Magazine article Policy & Practice

Changing the 'Face' of Child Welfare in Greene County, Ohio

Magazine article Policy & Practice

Changing the 'Face' of Child Welfare in Greene County, Ohio

Article excerpt

Greene County Children Services is a large, stand-alone child welfare agency located in Xenia, Ohio. It is a suburb of Dayton and in close proximity to Cincinnati and Columbus. Greene County is home to Wright Patterson Air Force Base and five universities. It has some large, rural areas as well as areas that experience urban issues. Ohio is a state-supervised and county-administered state. As such, county funds are used in different ways to augment state and federal dollars to perform the child welfare function. One option in local financing is to run a property tax levy. In Greene County, the local property tax comprises 42 percent of the agency's budget. The county basically lives and breathes based on its levy revenues. I would like to describe Greene County's journey to make practice more family-centered, the needs of families it serves more clear and public perception more realistic about the "face" of public child welfare while making an attempt to pass an additional tax levy in November 2008.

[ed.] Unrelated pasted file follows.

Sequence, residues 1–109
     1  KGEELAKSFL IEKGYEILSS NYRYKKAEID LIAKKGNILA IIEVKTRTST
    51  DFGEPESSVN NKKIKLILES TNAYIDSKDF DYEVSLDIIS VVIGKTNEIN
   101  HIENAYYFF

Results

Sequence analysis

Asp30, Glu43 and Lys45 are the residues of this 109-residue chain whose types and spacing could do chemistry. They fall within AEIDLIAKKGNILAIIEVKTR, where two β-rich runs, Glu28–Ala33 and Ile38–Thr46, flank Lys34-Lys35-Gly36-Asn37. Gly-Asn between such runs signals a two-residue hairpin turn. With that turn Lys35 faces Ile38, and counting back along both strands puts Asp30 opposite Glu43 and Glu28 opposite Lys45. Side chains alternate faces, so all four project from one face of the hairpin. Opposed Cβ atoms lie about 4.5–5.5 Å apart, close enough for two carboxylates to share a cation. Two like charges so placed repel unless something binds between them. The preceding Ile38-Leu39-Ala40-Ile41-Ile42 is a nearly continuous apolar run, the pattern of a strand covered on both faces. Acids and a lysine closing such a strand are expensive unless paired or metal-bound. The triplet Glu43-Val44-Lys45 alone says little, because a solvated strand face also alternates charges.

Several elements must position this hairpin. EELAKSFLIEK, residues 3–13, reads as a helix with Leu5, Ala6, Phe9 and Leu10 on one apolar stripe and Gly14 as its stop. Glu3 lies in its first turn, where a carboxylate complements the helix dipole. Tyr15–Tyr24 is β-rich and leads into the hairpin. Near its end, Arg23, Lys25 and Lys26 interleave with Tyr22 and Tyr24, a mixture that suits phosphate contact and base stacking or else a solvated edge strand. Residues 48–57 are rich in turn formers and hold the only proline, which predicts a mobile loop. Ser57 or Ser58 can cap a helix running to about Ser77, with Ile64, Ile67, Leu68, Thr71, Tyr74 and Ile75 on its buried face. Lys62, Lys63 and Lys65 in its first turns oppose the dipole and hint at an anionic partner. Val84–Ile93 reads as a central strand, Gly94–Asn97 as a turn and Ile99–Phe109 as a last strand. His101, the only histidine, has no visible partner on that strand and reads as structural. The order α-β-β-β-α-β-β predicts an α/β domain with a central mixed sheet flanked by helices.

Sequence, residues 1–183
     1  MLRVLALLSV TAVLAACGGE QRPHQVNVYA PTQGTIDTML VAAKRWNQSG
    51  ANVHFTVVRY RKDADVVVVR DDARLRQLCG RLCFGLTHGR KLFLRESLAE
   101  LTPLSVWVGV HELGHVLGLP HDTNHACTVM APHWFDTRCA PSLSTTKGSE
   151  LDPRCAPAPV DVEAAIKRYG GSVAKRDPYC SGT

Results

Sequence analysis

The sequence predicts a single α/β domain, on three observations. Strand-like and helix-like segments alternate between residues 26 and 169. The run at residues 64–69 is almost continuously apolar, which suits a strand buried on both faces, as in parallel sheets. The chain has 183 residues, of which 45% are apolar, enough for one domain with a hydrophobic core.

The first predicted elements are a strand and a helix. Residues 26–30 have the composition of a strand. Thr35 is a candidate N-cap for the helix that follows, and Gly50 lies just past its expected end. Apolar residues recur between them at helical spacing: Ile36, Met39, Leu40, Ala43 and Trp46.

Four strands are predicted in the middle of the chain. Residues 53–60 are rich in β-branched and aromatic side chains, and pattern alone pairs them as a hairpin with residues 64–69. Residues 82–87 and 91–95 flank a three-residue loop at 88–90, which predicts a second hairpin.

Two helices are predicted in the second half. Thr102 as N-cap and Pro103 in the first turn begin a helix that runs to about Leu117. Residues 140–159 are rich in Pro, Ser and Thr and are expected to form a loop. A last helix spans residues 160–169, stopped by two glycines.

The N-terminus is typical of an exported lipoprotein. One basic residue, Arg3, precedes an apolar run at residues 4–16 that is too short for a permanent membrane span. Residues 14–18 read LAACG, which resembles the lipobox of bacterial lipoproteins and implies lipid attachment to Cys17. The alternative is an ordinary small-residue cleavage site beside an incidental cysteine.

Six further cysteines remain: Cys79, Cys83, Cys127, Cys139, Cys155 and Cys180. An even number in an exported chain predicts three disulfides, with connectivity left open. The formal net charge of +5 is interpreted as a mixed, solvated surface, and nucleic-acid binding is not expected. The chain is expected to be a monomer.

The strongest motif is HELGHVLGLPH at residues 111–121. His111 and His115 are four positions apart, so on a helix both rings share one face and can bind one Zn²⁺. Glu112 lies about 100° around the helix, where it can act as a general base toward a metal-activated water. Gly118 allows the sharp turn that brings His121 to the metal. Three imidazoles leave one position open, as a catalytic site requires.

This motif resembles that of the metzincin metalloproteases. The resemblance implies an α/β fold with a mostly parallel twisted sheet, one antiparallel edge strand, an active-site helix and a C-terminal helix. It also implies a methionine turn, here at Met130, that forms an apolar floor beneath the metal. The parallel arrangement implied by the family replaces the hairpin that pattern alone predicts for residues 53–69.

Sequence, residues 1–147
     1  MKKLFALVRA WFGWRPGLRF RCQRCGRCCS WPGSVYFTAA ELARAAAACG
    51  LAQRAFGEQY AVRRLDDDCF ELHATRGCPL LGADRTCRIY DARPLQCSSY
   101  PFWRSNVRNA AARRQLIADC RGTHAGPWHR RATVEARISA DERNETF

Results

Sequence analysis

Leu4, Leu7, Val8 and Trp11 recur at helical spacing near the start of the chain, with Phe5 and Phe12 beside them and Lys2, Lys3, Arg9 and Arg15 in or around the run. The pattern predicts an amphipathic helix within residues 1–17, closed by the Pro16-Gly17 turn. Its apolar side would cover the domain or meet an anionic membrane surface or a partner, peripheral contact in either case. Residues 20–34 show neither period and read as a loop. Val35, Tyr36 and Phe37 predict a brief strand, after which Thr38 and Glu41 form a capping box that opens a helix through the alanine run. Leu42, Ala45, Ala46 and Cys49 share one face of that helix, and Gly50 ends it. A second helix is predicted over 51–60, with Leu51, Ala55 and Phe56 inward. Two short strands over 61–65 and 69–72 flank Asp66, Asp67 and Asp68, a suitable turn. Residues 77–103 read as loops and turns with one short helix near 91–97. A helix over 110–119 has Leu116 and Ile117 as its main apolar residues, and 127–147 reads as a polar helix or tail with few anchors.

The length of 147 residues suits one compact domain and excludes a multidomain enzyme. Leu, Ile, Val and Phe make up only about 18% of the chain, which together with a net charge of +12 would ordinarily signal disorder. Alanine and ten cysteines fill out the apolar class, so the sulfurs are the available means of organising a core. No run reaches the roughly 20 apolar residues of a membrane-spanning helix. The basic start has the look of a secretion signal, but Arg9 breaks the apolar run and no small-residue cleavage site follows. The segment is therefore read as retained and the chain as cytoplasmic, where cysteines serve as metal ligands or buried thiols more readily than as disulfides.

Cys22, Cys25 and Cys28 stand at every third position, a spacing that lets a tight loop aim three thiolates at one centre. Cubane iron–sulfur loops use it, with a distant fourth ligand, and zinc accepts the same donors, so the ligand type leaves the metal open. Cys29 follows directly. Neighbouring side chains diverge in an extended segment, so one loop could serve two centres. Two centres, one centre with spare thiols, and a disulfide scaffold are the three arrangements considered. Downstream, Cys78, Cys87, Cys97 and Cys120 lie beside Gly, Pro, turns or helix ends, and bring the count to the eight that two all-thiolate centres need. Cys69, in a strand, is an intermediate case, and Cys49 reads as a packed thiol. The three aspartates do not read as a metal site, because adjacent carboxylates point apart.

Over the last decade GCCS has been on a journey to become more family-centered, strength-based and community-focused in its child welfare practices. The agency's work started with becoming a ProtectOhio (IV-E Waiver) county in the late 1990s. That work continues today. During that phase of development, the agency looked at practice processes that enhanced or impeded its ability to serve children in their own homes in an effort to prevent and reduce placements. Examples included enhancing the use of genograms and ecomaps, family team meetings, screening procedures and participating in community-based, wrap-around services. Also during this time, the agency sought its initial COA accreditation and improved its QA and administrative practices. The next phase of development in early 2003 involved being a pilot for Ohio's new system of safety and risk assessment (CAPMIS). This created more opportunities to look at family strengths, protective capacities, community supports and to further hone the earlier ProtectOhio work. The current phase of the agency's family-centered journey involves implementing Ohio's Alternative Response pilot. Just implemented in July 2008, this pilot is affording the agency and its community partners with the opportunity to look differently and more intensely at the entire spectrum of family-centered practices. The agency's message to the community throughout this time has been that it takes everyone to protect children and support families. This has been embraced and the agency has enjoyed tremendous community support, but the public "face" of the agency remained unchanged. …

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